The hillbillies doted on a new pseudo-country-trash television show—“Duck Dynasty.” It advocated a lifestyle more apropos to the 18th and 19th centuries, but sale of Duck Dynasty products filled the coffers of Walmart and other big-box stores catered to by a population seeking to spend less money for popular items.
Low cost food trucks traversed up and down the avenues, offering such items as gourmet burgers, tacos, lobster rolls and more. They continue to exist today.
Some of us had never heard of frozen yogurt, but suddenly frozen yogurt stores appeared en masse from New York City to Podunk, America. Those establishments caused a slump in ice cream sales and continue to compete with strawberry, vanilla and chocolate as favorite flavors.
And there were more fads, including: gluten-free diets, Honey Boo, Occupy Wall Street, planking, sulfas, The Hunger Games and the Kardashians.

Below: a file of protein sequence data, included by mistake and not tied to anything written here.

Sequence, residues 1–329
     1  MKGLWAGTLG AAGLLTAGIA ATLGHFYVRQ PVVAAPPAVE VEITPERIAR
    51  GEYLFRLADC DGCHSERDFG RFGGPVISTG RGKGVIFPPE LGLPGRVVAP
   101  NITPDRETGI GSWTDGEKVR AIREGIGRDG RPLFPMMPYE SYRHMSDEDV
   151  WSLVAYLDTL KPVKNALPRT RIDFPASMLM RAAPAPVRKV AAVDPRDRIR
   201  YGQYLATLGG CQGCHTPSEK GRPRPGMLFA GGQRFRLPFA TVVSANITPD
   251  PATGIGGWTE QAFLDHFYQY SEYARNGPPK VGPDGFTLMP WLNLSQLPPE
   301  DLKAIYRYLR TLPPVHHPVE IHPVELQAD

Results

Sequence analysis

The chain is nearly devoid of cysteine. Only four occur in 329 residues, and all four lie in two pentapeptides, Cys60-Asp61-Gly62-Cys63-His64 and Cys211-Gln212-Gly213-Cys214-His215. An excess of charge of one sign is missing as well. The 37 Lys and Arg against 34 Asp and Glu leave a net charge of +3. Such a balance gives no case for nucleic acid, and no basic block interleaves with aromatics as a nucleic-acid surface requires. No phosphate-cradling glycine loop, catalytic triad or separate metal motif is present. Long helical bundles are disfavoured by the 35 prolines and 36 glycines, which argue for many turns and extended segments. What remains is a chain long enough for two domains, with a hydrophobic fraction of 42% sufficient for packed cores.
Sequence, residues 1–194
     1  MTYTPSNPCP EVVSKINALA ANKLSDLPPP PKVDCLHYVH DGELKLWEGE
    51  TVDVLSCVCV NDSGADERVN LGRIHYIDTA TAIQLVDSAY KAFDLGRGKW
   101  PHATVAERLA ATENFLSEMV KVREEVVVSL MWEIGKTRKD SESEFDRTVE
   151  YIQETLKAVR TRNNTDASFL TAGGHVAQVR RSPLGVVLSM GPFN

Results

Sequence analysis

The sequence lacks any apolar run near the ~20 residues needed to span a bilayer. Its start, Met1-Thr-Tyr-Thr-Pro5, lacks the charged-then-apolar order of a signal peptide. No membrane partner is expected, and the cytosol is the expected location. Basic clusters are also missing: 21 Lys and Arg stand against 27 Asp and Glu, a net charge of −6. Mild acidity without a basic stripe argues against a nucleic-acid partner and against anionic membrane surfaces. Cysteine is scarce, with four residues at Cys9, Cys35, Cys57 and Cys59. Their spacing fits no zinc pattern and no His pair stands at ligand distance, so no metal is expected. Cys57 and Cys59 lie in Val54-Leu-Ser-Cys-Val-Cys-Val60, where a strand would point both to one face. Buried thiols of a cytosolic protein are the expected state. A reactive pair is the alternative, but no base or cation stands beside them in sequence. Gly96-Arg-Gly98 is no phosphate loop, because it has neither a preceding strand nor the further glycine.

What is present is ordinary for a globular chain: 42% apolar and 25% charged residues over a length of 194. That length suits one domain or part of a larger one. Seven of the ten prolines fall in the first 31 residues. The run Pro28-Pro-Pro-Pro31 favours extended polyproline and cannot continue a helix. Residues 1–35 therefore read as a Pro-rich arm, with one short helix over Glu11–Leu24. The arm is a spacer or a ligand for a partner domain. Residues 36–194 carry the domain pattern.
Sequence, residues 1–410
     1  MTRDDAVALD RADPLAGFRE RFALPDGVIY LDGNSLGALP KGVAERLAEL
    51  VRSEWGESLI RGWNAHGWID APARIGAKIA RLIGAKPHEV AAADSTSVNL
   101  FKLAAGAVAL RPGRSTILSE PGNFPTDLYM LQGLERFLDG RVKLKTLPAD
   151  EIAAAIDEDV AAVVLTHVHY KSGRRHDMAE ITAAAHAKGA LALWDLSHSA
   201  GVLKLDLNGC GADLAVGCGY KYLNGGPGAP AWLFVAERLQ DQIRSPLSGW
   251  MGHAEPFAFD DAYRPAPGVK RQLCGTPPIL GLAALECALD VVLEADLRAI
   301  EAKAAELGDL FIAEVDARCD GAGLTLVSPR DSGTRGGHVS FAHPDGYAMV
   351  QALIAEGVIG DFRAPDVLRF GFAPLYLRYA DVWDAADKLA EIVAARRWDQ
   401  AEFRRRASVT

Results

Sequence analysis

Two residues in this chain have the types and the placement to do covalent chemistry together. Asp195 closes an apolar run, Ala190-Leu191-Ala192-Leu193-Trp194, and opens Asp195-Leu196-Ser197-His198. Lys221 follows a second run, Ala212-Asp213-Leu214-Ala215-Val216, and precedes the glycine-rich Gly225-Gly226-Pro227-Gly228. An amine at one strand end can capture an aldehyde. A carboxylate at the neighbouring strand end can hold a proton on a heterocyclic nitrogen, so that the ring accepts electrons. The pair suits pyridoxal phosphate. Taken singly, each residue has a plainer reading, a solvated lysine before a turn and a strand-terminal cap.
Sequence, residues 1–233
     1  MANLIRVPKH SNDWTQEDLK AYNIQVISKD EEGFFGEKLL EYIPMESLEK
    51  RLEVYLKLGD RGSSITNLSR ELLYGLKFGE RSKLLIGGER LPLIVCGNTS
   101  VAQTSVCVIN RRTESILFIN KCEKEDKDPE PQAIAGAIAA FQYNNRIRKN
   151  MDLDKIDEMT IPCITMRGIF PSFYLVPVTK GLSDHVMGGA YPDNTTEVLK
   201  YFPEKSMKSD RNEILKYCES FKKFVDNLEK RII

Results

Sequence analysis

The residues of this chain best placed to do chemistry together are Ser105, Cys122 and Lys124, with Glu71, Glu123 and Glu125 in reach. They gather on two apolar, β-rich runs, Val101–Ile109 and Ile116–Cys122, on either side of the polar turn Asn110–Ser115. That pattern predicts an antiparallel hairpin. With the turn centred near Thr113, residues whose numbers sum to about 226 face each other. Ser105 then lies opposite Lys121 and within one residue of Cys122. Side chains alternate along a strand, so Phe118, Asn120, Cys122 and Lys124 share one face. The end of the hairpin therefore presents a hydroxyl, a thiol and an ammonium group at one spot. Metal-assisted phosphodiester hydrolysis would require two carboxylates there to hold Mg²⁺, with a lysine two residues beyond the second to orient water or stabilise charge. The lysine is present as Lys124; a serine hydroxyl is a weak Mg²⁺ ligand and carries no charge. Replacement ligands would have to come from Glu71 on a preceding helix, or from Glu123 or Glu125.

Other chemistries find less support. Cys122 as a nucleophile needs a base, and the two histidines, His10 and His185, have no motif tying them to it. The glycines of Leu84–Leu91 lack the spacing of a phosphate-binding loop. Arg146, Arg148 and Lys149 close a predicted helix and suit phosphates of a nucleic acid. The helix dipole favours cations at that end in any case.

Leggings, popular in the military during World War I, were suddenly back in style again popularized by headline-hunting starlet Lindsay Lohan. Young girls were especially addicted to these leg adornments.
As anyone with two eyes can recognize, the “homeless look” came into fashion. Some jeans are so slashed and torn that one might wonder how they adhere to the body, but they do. You probably remember when such attire ended up in the trash bin because Goodwill and Salvation Army wouldn’t bother with such trashy garments. Such items of clothing often sells for a hundred dollars or more. They call it style.
Studs and gender-bending are the rage. Also, what used to be called passe and “old fashioned” is now treasured as vintage and chic. Sequins, destroyed denim, and dresses over jeans became trendy.
The TV series “Mad Men,” spurred a return to the 1930’s styles. Our grandparents might feel right in style with the current array of polka dot dresses and overalls.
This all became “fashionable” during the first 10 years of the 21st Century.
The top ten movies of the decade, according to Rolling Stone… maybe you forgot some of them:
1. There Will Be Blood
2. Children of Men
3. Mulholland Drive
4. A History of Violence
5. No Country for Old Men
6. The Incredibles
7. Brokeback Mountain
8. The Departed
9. Mystic River
10. The Lord of the Rings
The top ten TV shows included: